I’m not ready to climb trees, in other words, or string that tightrope across my yard, but after reading that book I realized that might be what I’m working on without naming it. Of course, in my mind, the minute I name it, I name the possibility of failing at it, too. So I’m unnaming it and just doing it instead. Keep an eye on your trees.
This post represents a sharp departure from the otherwise serious, thoughtful foolishness I’ve been posting lately.
Every once in a while, like most people with a healthy sense of their own mortality, I stand at the top of a flight of stairs and become all too aware of the possibility of falling; it usually makes me a little sick to my stomach. But I am not a klutz. I’m not the person who walks into bookshelves or drops piles of plates or wipes out on every patch of ice I meet. And yet, sometimes the universe wants you to examine your definition of yourself.
Last Saturday, after a fun day in New York City with a friend, I fell face-first down a flight stairs in Penn Station. Contrary to what I just wrote, I did not stand at the top and imagine myself missing a stair. I was in that crush of people heading down toward the track, that cattle-herd moment when a couple hundred friends and neighbors squeeze themselves into a narrow stairwell and make their quietly frantic way toward the train. It seems like the best time to fall, actually–at least the volume of bodies might break your fall. Not so.
I had just filled up my travel mug with tea and was looking forward to reading my book. As I made my way down the stairs I suddenly realized my right foot had stopped moving; the heel of my boot was caught in the torn hem in the left leg of my jeans. Things weren’t right at all. As I pitched forward I threw my full, stainless steel travel mug at the guy in front of me. I had flashes of all the injuries I could incur if I didn’t stop myself and had actually somersaulted down to the track: concussion, cracked vertebrae, broken ribs/nose/ankle/arm. I saw myself clutching my front teeth in my hand. But none of that happened. What did happen is that I managed to grab the railing with one hand and plant the other on the step. I have a vivid mental picture of how wide my fingers were spread once I stopped falling. All that happened to me was that I slammed my shin on the step and the tops of both knees.
Acute pain is interesting. The first words out of my mouth were to the guy I threw my tea at. “I’m sorry,” I muttered over and over as I picked myself up. He and the woman he was with turned around and asked me if I was all right, but I was in such blinding pain I could barely answer. “Yeah, I’m okay,” I said, too dazed to even look at him or thank him. We stepped on the train.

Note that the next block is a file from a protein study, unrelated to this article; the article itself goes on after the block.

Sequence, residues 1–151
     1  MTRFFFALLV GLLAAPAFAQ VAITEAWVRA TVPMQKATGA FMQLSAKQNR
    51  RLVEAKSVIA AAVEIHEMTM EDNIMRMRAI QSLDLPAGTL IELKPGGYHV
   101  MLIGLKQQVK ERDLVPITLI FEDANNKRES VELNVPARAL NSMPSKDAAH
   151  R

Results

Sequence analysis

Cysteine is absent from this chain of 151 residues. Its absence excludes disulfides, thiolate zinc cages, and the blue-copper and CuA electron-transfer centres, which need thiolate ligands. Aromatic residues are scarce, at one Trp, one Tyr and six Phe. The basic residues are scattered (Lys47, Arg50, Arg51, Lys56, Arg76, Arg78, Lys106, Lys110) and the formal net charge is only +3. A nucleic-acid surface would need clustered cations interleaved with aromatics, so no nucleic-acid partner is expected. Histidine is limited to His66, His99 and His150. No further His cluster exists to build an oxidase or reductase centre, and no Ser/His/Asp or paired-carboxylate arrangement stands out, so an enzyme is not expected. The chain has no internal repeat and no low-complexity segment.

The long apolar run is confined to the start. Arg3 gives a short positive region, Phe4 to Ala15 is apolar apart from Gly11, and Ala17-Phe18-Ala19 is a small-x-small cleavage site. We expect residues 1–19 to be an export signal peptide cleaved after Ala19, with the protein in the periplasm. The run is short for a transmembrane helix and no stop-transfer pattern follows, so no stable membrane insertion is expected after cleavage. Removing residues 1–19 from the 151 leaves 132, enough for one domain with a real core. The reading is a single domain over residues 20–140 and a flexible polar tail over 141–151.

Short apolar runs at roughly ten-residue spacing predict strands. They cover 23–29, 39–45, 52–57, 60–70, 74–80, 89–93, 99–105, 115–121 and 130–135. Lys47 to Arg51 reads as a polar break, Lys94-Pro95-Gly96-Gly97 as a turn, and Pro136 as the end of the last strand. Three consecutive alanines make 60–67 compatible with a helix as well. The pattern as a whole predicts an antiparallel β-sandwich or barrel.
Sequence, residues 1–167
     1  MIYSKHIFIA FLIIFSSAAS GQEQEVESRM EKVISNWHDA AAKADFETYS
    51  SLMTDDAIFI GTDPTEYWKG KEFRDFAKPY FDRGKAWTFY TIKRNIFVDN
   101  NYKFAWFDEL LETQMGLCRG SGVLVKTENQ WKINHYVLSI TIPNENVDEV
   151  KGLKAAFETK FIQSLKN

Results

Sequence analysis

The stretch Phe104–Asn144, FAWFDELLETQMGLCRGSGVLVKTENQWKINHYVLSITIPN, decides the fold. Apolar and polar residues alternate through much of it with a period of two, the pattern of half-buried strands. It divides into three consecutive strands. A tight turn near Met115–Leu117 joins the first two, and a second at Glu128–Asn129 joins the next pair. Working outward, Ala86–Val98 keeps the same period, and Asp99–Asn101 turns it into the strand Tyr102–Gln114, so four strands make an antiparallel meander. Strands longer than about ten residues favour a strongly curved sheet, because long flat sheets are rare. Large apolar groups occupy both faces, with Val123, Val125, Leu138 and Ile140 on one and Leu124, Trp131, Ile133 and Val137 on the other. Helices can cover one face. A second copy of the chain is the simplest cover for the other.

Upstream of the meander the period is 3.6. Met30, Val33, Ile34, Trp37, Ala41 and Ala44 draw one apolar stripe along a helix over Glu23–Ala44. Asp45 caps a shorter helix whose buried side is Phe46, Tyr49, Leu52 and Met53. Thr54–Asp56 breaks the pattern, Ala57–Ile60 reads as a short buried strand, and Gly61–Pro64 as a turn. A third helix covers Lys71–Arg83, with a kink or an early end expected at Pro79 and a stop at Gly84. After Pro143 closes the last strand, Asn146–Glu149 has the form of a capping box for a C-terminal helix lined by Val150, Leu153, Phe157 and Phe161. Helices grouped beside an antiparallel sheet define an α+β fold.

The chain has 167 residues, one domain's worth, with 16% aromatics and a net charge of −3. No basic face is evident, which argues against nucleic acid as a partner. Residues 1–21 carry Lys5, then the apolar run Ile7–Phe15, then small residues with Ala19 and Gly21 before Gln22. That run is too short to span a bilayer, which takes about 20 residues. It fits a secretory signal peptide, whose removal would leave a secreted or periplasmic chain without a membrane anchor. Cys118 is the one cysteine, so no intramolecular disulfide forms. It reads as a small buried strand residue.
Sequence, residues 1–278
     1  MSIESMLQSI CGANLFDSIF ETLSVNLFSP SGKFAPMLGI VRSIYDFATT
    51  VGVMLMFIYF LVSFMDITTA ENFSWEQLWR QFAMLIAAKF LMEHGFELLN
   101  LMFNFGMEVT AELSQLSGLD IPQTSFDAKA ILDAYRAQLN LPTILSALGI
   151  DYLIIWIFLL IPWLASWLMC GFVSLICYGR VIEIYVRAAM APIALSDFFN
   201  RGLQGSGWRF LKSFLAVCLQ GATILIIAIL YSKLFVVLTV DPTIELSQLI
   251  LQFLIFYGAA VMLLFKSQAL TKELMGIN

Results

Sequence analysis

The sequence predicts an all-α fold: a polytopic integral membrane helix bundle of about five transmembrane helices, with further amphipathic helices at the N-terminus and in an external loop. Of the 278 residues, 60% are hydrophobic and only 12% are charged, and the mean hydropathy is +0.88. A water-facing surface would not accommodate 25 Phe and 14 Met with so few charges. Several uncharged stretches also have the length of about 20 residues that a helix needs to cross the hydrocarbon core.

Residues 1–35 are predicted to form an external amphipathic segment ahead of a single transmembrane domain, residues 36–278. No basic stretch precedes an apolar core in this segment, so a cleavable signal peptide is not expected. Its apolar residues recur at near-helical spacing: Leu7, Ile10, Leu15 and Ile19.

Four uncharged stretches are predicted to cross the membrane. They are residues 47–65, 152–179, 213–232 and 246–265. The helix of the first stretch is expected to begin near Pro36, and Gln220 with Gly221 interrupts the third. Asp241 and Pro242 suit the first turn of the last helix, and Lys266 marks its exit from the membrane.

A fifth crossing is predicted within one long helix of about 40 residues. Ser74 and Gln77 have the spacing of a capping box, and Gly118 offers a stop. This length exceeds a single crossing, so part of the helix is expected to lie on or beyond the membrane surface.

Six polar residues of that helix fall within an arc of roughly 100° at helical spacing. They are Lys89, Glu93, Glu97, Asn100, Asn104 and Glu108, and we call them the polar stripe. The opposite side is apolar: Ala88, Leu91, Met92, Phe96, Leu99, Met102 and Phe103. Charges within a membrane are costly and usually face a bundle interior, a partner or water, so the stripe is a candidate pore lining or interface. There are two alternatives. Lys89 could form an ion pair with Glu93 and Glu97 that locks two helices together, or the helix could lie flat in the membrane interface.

“Are you sure you’re okay?”
“Yeah. I’m okay.” I thought to myself that I should find him later and thank him, once I could see straight again. I staggered to a seat and waited for what I knew was coming. The ringing in my ears started first, then my vision went purple. Then I started yanking my jacket off as the sweating started; I considered peeling off more layers, but had a moment of clarity. I wondered which person I would alert if I thought I was going to pass out, but the panic slowly subsided. I held out my hand–still shaking. I pulled my book out of my bag–I’d been looking forward to that–but the page still looked purple, so I closed it and waited.
Eventually, everything went back to normal and I read my book while also wincing in pain. I arrived at my stop and considered taking a cab the mile and a half to my house, but everyone else got to the cabs before I did. Reader, I walked home.
The original bruises are big enough: the one on my shin is about the size of a deck of cards. The ones on my knees might be hidden by the clementines I’ve been peeling lately, but maybe not. But the real horror comes in how my leg swelled, turned green all the way around to the back and all way down to where it looks like I shoved a baseball into my ankle. My foot turned a nice shade of blue from my heel to the arch; I’d complain about that, but my arch is one of my best features and the blue is a nice touch. If I’d ever thought of it myself, I’d have painted it that way.